Music and perhaps sometimes art teachers came into our classrooms in the lower grades. There was a piano in each room I think, and our first music teacher came in and played songs for us to sing. I don’t remember his name. Subjects we were graded on were English, Spelling, Reading, Mathematics, Science, Social Studies, Physical Education, Health Education, Vocal Music and Writing, with Art added in grades 5 and 8.  My brother, Doug, four years younger, would have started Kindergarten this year.


We also made regular visits to the Library in the lower level of the old building. I was an avid reader, and this was my favorite place in the school. The librarian was Mrs. Dorothy Grady, and we became friends pretty quickly, I think. She introduced me to many books that I still love, like “The Hobbit” by J.R.R. Tolkien, and eventually brought books in from her personal collection for me to read, like the Oz books of L. Frank Baum. The photo above is from 1973. When I started at the school, the library was also the Bedminster town library and had adult books too. My mother loved to read, and she was soon helping Mrs. Grady repair books, either at home or in the room across the hall from the library, I think. Tim Walker’s mother also helped out there once a week, typing catalog cards and other things, as did many other parents.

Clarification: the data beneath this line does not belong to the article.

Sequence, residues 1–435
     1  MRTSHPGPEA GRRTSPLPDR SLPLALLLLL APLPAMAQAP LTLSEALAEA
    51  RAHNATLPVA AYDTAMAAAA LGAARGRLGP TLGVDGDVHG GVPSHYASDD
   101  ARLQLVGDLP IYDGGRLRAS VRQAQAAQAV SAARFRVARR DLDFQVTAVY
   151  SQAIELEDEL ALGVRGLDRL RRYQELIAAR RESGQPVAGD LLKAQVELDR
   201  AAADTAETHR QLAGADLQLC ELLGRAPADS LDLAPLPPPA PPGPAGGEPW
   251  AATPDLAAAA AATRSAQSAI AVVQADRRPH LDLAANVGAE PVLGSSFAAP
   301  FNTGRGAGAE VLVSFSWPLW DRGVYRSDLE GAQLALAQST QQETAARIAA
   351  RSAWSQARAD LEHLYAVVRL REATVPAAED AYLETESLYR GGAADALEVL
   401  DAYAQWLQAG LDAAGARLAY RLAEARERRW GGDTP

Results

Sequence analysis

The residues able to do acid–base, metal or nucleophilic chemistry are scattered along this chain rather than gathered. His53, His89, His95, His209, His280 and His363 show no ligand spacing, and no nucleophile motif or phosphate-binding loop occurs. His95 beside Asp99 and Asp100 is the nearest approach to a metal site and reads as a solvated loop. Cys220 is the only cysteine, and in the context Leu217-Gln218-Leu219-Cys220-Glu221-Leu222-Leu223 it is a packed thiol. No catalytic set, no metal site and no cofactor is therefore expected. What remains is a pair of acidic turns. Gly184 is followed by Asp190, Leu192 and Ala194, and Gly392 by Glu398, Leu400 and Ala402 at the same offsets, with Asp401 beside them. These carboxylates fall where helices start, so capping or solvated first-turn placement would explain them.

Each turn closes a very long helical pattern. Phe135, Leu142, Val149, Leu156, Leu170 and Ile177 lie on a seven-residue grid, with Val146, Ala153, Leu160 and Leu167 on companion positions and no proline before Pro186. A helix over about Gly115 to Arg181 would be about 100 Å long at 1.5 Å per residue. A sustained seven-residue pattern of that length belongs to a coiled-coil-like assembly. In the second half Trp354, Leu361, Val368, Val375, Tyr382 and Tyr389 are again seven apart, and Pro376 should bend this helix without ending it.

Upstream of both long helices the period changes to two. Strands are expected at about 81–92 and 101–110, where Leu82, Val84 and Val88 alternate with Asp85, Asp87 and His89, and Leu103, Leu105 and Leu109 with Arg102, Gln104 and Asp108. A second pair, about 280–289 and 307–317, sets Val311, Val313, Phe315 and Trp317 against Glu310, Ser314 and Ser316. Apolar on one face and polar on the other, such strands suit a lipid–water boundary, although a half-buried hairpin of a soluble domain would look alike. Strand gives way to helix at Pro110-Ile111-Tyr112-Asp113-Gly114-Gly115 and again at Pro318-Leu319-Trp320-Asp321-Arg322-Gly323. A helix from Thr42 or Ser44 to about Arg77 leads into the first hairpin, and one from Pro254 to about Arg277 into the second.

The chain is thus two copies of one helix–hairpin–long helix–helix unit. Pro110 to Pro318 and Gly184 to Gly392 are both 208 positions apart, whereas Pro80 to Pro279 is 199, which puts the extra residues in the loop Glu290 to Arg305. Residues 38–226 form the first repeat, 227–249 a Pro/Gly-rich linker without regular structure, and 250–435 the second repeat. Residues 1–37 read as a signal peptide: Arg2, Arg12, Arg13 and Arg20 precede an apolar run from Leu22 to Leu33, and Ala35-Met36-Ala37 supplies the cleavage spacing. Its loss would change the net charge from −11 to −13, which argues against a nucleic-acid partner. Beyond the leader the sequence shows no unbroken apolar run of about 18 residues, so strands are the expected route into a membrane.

Here’s the library circulation desk in 1972 with students helping to check out books. I think the boy on the right is putting the card with the due date into the pocket in the back of a book. The door behind him must be for the entrance to the hallway, and the card catalog is behind that.